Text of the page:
Last week, I wrote about how we all need to run in our own lane. My whole point in that post was that we can't live someone else's life; we have to live the life God has ordained for us, and stop comparing ourselves to one another.
Today, I'd like to talk to you about competing for your own prize.
I used to be a very competitive person. The problem was that I was competing for everybody else's prize.
In 2002, I began working for a wonderful, Fortune 500 company (where I still work today). The job I was in at that time had a very specific career path, and my employer was great about promoting people through it. I worked hard for promotion. I was hungry for success. I was promoted four times in four years, which was a very quick ascension up the corporate ladder.
You know what it got me?
It got me stressed out, severely depressed, having panic attacks, nightmares, a short fuse, and multiple crying spells every day. Yes, it earned me a lot of money too. It was a prestigious job. But the money and prestige weren't worth it.
I was miserable.
The company was a great company, and it still is. I'm proud to work there. But the problem was that:
- I was in a job that other people said I should be in.
- I was working toward goals that other people said I should work toward.
- I was trying to gain prestige that other people said I needed.
I was competing for a prize that wasn't a good fit for my life.
After five and a half years, I finally decided that it wasn't worth it. I had to get out.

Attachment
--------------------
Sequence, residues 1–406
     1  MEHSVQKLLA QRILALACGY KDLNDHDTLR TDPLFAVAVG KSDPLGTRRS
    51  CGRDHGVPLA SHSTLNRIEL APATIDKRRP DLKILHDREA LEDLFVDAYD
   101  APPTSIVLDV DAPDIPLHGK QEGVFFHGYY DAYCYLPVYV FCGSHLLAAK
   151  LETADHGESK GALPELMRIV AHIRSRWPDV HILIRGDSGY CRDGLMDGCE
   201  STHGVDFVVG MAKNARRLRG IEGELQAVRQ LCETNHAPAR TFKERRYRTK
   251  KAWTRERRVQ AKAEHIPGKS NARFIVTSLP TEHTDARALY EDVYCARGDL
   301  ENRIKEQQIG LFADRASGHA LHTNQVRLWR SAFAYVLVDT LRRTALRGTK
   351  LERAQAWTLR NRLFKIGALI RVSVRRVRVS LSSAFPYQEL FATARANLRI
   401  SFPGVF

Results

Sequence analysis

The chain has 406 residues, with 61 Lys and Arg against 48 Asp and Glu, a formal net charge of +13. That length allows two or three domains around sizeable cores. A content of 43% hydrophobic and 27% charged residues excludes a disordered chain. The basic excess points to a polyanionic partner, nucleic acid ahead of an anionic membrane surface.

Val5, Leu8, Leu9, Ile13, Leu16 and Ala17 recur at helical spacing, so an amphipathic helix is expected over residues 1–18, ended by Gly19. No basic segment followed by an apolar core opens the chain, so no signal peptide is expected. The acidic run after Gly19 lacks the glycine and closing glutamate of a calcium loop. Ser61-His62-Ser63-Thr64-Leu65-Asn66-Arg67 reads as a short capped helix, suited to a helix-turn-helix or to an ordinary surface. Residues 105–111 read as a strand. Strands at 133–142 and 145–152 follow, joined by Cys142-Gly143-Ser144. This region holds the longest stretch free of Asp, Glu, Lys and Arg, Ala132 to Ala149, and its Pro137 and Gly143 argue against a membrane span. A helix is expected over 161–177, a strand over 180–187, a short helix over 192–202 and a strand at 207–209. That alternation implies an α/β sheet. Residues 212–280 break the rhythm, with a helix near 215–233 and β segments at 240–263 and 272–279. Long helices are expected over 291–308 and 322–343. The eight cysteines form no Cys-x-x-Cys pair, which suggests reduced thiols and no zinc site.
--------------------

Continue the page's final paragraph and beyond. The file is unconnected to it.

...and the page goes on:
When I finally drew the line in the sand, God, in His mercy, allowed me to interview and be chosen for a job (at the same company) that was a great fit for me. It was technically a lower-ranking job than the job I had been in. It was not prestigious; I would be on a resource team instead of on the team that was calling the shots. But the job was perfect, and still is, six years later. I'm so honored to work for my company, and I really enjoy my job now.
Throughout that entire process, though, I learned something key:
You have to compete for your own prize.
I've heard people say that there's nothing worse than getting to the end of life and realizing that you were successful at the wrong thing. How true must that be. I pray that I will never know that feeling, because I've stopped trying to please people and compare myself to others, and now I'm competing for my own prize.
What about you? Whose prize are you competing for?
Acts 20:24 says, “However, I consider my life worth nothing to me; my only aim is to finish the race and complete the task the Lord Jesus has given me—the task of testifying to the good news of God’s grace” (emphasis mine).
The whole purpose of our “race” in life is to get the prize Father God intends for us. I have my prize and you have your prize. Our prizes are unique and individual!
And we only get one shot at this race of life.
The band “33 Miles” has a song called “One Life to Love” that says: “You only get just one time around; you only get one shot at this. One chance to find out the one thing that you don't wanna miss. One day when it's all said and done, I hope you see that it was enough; one ride; one try; one life to love.” Take a listen:
We only get one shot. Life only happens once.
You could compete for everybody else's prize:
- the prize other people think you should compete for;
- the prize that looks good but you're not called to;
- or the prize you feel obligated to compete for.
But other people's prizes won't bring you any satisfaction. They'll only bring heartbreak. They won't contain the joy and fulfillment God intends for YOU to have.
So you've got to run in your own lane.
You've got to compete for your own prize.
You've got to live the life God ordained for you, not try to live a life somebody else is called to.
Take a minute to honestly evaluate your own life. Are there any areas of your life in which you're competing for someone else's prize?